I don't give that particular grammatical label any thought because there are so many grammar "rules" that have been adopted, fabricated on the fly for the sole purpose of maintaining an abusive level of control over others. The English Language, and the two forms of it that grammar that grammar attempts to constrict, namely written and spoken -- are for the most part completely unrelated to the form of the English Language known as conscious thought. Because I view the majority of grammar as either worthless, or a device used to facilitate abusive control, I don't allow it in my life unless I am programming.

I firmly believe everything above and beyond the most basic rules -- and only for the purpose of standards, and only because standards main purpose and reason to exist is only to lend itself the labors so that people may understand -- and everything that a native speaker is taught about the mechanics would benefit natives speakers if they never learned as by far the most beneficial knowledge of grammar is to know it intuitively. I firmly believe that children would all have a much easier time with their entire academic career if school was postponed two more years and children were much more practiced and stronger knowledge of core grammar in spoken form, long before they can even write or recite the alphabet. As if it the spoken word form that has by far the greatest impact on the form of English known as conscious thought, but this is already too far off track so I won't rail against pendants and all the damage they inadvertently do to all users of the English language, especially the written form.

as the label "possessive" give to the first person word "My" is roughly about the point where anything further interference and restriction grammar imposes of the written word is deleterious.

when I say "my friend" or "my *anything*" which I did not create, purchase (and in significant possessions having an allodial title) the term "my" is only to convey the relation to the noun in the context I am speaking of it, so the only technical "possession" "My" has is of the word, AKA only in communication, transmission, receipt, etc..., and NOT and possession of the noun as it exists in the State of Isreal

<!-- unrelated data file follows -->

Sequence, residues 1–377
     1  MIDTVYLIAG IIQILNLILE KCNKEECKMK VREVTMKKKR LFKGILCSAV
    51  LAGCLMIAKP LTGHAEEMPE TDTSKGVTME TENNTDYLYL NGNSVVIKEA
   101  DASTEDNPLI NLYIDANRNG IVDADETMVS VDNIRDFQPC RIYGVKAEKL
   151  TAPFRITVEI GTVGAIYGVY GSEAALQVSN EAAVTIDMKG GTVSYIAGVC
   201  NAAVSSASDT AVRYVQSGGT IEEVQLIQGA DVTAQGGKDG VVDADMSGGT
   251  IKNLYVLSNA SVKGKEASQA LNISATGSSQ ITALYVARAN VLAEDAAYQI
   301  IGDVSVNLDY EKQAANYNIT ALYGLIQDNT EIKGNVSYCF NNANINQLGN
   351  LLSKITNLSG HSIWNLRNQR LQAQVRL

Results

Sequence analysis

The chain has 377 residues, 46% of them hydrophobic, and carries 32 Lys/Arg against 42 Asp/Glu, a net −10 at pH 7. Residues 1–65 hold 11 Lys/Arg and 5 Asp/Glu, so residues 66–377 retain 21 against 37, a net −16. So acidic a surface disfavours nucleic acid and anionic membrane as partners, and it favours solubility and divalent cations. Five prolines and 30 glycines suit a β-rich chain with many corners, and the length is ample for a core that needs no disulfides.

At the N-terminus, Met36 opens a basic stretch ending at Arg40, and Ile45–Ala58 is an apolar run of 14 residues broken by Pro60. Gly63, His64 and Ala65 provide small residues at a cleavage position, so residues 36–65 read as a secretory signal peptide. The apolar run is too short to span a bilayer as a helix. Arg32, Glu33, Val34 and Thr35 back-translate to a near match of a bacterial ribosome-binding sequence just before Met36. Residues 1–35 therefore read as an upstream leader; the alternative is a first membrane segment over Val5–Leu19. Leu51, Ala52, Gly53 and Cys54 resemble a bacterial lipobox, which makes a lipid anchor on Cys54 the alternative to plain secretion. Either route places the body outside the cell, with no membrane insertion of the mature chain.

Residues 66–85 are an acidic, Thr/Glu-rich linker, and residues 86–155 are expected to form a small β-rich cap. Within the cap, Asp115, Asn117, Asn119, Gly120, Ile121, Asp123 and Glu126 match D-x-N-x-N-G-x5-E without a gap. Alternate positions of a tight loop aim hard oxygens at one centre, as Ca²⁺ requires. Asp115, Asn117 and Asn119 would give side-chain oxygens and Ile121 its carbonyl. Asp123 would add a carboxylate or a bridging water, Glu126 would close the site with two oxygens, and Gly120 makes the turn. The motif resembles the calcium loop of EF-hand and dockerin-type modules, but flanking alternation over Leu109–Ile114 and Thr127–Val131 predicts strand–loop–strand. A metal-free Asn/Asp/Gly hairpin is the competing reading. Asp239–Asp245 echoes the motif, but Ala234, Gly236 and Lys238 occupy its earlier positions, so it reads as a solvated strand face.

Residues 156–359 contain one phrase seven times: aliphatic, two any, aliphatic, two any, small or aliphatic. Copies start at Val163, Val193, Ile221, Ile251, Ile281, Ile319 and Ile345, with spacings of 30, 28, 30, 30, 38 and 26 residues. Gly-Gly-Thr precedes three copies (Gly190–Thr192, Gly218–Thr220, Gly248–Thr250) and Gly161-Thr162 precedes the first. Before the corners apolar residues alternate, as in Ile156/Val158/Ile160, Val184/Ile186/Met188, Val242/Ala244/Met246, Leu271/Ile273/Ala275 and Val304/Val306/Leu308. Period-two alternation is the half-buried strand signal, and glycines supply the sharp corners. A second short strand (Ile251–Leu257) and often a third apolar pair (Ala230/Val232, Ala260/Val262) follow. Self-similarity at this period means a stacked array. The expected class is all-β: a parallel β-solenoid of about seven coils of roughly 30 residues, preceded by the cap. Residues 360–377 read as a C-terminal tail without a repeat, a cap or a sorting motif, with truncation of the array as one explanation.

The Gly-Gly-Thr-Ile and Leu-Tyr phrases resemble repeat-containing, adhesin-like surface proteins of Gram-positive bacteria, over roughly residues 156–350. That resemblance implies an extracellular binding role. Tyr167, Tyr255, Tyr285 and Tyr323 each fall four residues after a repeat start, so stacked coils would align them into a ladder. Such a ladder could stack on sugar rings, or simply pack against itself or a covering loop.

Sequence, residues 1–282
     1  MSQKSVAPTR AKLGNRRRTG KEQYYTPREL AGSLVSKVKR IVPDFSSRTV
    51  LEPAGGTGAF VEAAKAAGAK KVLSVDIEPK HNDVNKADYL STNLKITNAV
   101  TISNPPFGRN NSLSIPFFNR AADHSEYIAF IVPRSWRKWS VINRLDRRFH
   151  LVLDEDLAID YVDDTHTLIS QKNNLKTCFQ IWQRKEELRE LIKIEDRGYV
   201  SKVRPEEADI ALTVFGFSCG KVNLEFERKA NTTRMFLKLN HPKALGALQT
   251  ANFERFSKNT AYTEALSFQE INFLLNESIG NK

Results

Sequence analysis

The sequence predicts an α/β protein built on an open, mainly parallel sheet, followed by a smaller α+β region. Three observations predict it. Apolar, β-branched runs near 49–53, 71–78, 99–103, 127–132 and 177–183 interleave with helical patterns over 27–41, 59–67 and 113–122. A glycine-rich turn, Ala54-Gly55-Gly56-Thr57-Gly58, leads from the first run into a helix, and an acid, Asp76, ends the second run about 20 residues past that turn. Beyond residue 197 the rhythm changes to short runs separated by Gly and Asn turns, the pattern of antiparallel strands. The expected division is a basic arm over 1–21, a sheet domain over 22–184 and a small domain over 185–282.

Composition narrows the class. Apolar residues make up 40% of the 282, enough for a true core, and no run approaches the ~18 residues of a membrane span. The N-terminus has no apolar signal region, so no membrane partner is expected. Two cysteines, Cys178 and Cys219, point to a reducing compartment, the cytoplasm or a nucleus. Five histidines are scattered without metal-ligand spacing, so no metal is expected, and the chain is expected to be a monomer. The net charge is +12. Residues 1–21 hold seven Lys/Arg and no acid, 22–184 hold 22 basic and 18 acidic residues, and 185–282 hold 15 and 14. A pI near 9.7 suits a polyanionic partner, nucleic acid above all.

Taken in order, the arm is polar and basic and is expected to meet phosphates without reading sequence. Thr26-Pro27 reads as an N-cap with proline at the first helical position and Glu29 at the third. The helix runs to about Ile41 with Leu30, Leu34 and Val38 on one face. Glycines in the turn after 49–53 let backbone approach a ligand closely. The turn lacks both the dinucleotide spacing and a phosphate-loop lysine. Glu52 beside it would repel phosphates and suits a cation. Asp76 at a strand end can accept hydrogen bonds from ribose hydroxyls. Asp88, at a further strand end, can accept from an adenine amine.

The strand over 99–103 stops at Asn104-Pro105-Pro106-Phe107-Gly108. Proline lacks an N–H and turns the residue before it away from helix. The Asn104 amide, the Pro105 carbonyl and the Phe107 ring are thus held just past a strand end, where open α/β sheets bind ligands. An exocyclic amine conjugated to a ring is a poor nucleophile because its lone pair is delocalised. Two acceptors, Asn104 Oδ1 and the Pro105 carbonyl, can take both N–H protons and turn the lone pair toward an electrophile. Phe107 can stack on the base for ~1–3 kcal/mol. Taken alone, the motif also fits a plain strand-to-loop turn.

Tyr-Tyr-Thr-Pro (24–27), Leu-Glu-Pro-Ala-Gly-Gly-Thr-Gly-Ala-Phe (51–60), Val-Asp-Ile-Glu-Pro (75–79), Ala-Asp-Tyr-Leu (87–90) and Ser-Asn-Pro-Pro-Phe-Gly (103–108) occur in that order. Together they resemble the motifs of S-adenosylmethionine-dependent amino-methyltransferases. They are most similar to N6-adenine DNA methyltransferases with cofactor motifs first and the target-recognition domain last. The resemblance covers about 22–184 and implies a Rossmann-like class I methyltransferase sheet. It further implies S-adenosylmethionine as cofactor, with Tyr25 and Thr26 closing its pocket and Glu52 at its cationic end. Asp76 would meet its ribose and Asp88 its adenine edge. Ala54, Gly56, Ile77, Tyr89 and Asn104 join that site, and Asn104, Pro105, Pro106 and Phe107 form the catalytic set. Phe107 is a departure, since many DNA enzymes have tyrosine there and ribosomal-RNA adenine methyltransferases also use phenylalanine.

So when you said

Quote:
Originally Posted by Petunia
I recently had someone tell me I should ponder this as he felt I was using the term "my husband" possessively in my thinking which made me feel bad and has led to this examination.
I would tell him (or the female influenced by him), I am his only wife, he is not "our" husband, or if he does another SO whom he is equally committed to then perhaps " Our Husband " would be more appropriate

otherwise I don't like it when non-monogamists become fixated on assigning other people's relationships to mean ownership. As it comes off as a petty way to deal with their insercurities about non-monogamy or polyamory, and feels to me like they are tryng to convince themselves they are justified in their actions.

One does not need to justify non-monogamy, as there is absolutely nothing wrong when all parties involved are fully informed and aware and desire it.

Nobody has any right to ownership over anybody, unless it is the will of they are "owned" and they are fully knowledgeable adults who explicitly consent to being owned.

I don't like it one form of love intentionally belittles another way to love in odere to feel justified in their own way of loving

I am well aware of the not so distant past when idiot men took it upon themselves to frame their minds that they had ownership of their wives and girlfriends, and it does not matter how much a person thinks he owns another, the only thing it does if forfeit significant ownership of his self. And if he is dumb enough to do so ten times, the whole ten tenths of his own, which he was previously in charge of, is lost , and likely forever.
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  #16  
Old 08-10-2013, 06:15 PM
bookbug bookbug is offline
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I would say it depends.... We all grew up in the same mono dominant society, and many of those terms are associated with mono mindsets. I find that if using a term seems to trigger a default mindset / emotional reaction, then I may try to use other terminology for my own sense of clarification.

Using the term my husband *could* be utilized as a form of ownership, but it also describes a legally recognized relationship. I would say only you can determine which you mean.

I, myself, have often wished to invent new words to more accurately describe poly. I tend to look at all relationships as "one individual who loves another individual (or more than one)" regardless of format - unless one is defining her / his self identity on the relationship. But that's all rather arduous to say.
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  #17  
Old 08-13-2013, 04:55 AM
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SchrodingersCat SchrodingersCat is offline
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Quote:
Originally Posted by Petunia View Post
When you think of someone special in your life as "my husband", "my boyfriend", "my wife", "my girlfriend", "my lover", (insert appropriate label) does it elicit feelings of possessiveness, as in "s/he's mine," or connectivity, as in this person is someone of value in my life and I am connected to them in this special way?

If you feel possessiveness due to these labels, do you chose to use other terms that carry less meaning to change your perspective? Such as, "the wo/man that I'm married to" or "the person I'm dating"?